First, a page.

Think Route 66 ends at the Santa Monica Pier? Find out the real location of the second official end of Route 66.
Scenes around Santa Monica:
By Dan Rice, past president, California Historic Route 66 Association
Santa Monica became a permanent part of the road’s history on January 1, 1936. As the city of Los Angeles grew, the original terminus was extended from downtown L.A. to the corner of Lincoln and Olympic Blvds. in Santa Monica.
Confusion reigned over Route 66’s endpoint afterward, but the belief it ends at the Santa Monica Pier has always been incorrect. Federal Highway rules stated one highway must feed into another to not “dead-end” a traveler, so Route 66’s new ending was re-routed to connect with “Alt 101,” today’s California Pacific Coast Highway.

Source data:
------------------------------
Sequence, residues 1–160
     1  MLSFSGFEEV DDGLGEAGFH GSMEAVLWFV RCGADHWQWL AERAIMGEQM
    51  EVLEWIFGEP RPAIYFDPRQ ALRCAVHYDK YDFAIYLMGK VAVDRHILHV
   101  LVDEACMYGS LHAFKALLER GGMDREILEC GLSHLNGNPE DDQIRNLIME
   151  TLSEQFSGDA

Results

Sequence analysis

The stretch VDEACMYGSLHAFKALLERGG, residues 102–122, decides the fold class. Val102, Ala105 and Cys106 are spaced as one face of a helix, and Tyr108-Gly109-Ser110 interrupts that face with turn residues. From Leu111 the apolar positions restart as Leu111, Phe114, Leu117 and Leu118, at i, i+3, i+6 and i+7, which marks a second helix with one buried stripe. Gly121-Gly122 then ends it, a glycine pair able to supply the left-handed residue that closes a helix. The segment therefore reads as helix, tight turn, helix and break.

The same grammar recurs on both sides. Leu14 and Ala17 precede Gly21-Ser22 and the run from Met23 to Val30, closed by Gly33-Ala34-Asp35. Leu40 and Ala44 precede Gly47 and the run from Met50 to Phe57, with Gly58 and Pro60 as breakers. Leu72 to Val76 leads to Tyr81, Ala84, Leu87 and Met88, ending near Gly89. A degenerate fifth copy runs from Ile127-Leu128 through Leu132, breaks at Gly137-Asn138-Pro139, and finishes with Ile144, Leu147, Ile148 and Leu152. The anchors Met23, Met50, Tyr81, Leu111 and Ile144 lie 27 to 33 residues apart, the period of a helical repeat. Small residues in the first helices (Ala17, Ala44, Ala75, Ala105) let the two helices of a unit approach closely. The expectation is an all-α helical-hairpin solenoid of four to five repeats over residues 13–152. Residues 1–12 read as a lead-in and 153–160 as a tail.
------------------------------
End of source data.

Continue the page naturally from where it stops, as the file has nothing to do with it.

No sign stands at the official end, but the 1952 “Will Rogers Highway” plaque was placed at the “symbolic end” where Santa Monica Blvd. reaches the Pacific. From here, travelers saw the pier and ventured over the water. Known as a “spiritual” or “traditional” end because before the Mother Road was extended to Santa Monica most tourists found their way out to Pacific Ocean Park and the beach. In 2009, past CHR66A president Dan Rice trademarked, built, and placed Route 66’s “End of the Trail” sign on the pier for Route 66’s 83rd birthday and in conjunction with his “66-to-Cali” store opening. Today, the official and popularly accepted ends of Route 66 are within a 9-block walk through Santa Monica…a wonderful way to end your Route 66 journey.